Thursday, August 15, 2013

Why I like keeping it real

Lately there has been a post floating around FB that I dislike immensely.

I'm not sure why I dislike it.  It is well-written and the general gist of the essay (to slow life down a bit and not be so over-scheduled and/or distracted) is one we can probably all stand to hear once in a while (especially those mamas who have their iPhones glued to their lashes instead of watching their kids at the playground.  I'm talking to you, lady).  

Maybe it is the title which I've also seen as, "The Two Words I'll Never Say to My Daughter Again."  I can't help but think, "Really???  You will NEVER.EVER say 'hurry up' to your child ever again?"

What I dislike is sentimentality, and there is something a little too sentimental about this post.  (Or maybe it is too late in the summer and too close to my period?)
Like this:
"Suddenly a look of worry came across her face. 'Do I have to rush, Mama?' I could have cried. Perhaps the scars of a hurried life don't ever completely disappear, I thought sadly."

I guess I read this and see her going from one extreme to another, from crazy, distracted busy to lolly-gaggin' around, letting her kid look at toadstools all day.  
Kids have zero concept of time, and the past months of trying to get my kids out the door to do fun things that they will enjoy reminds me of this fact.  I've never tried herding cats, but I suspect it is easier.
Children need to understand that the world does not wait for them.  Sure, there should be times when kids are allowed to lolly-gag, to notice and putz and do those things that kids do naturally well.  But most of the time, I think kids need to understand that if they 1. want to do fun things and 2. say they will meet someone, they need to be on time (or as close to on time as possible).  They need to understand that there are penalties for being late (the movie starts, the friends leave, the doctor charges a fee).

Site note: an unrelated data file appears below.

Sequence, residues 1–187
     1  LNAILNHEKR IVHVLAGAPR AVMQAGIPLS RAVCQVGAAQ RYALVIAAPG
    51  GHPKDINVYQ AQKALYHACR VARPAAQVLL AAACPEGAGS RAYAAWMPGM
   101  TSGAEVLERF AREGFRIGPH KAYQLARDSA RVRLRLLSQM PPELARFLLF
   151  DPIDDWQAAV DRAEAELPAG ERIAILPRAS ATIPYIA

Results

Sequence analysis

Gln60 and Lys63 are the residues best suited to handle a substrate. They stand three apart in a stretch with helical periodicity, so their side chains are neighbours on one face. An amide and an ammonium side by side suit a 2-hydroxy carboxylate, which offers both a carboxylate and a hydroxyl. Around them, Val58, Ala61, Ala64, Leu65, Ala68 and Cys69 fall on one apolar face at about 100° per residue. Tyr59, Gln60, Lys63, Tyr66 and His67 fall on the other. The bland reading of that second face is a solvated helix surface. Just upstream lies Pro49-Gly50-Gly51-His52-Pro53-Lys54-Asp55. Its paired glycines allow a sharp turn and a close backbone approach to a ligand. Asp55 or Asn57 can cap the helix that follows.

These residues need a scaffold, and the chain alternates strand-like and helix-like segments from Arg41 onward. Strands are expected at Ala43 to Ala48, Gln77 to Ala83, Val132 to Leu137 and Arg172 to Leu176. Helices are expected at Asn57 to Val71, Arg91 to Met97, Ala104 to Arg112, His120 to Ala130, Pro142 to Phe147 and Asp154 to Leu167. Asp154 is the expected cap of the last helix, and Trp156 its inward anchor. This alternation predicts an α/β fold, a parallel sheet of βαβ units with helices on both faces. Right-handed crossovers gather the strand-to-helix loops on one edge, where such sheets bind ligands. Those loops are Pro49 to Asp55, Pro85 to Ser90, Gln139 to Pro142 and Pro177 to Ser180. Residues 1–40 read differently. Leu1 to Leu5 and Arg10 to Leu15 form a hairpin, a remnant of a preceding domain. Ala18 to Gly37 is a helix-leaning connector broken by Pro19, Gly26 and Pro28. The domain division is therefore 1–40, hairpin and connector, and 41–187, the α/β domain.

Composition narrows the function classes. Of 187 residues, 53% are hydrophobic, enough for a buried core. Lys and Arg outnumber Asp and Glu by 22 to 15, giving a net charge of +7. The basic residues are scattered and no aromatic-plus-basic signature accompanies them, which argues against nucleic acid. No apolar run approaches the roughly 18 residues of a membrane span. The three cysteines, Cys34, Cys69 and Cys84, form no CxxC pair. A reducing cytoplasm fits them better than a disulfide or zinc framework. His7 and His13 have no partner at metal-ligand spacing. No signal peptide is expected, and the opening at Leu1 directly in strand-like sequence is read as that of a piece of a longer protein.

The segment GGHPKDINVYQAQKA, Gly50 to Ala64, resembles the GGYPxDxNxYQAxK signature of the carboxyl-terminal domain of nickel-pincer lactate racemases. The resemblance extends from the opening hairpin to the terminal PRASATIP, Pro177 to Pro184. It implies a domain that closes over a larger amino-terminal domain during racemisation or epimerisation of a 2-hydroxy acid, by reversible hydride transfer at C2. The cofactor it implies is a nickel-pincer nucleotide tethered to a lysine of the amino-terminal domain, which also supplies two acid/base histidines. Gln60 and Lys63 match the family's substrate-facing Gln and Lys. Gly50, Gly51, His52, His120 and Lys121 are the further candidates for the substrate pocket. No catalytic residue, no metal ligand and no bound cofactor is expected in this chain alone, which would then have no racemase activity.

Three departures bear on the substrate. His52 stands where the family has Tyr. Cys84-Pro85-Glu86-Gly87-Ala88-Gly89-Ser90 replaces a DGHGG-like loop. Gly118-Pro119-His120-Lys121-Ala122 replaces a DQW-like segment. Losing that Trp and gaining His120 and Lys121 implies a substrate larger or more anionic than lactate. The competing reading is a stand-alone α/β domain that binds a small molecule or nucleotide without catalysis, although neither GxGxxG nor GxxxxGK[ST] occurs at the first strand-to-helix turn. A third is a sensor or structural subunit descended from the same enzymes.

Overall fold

Sometimes I think we get a little too wrapped up in making everything all doey-eyed, goopy sentimental, isn't childhood just soooo wonderful and shouldn't we treasure every.single.moment?
I like posts like this.  The ones that acknowledge what a damn hard row this motherhood thing is.  The ones that understand that probably 90% is survival and bumbling through.  The ones that seem to understand that it's only a recent blip in the history of man where we are so worried about our children that we turn our lives upside down to make them happy and carefree.  
I like the posts that make me feel like I'm doing ok (and that letting my boys play video games while I type this blog is not going to ruin their lives).  
Not the ones that make me feel like I could always and forever be doing it better.  

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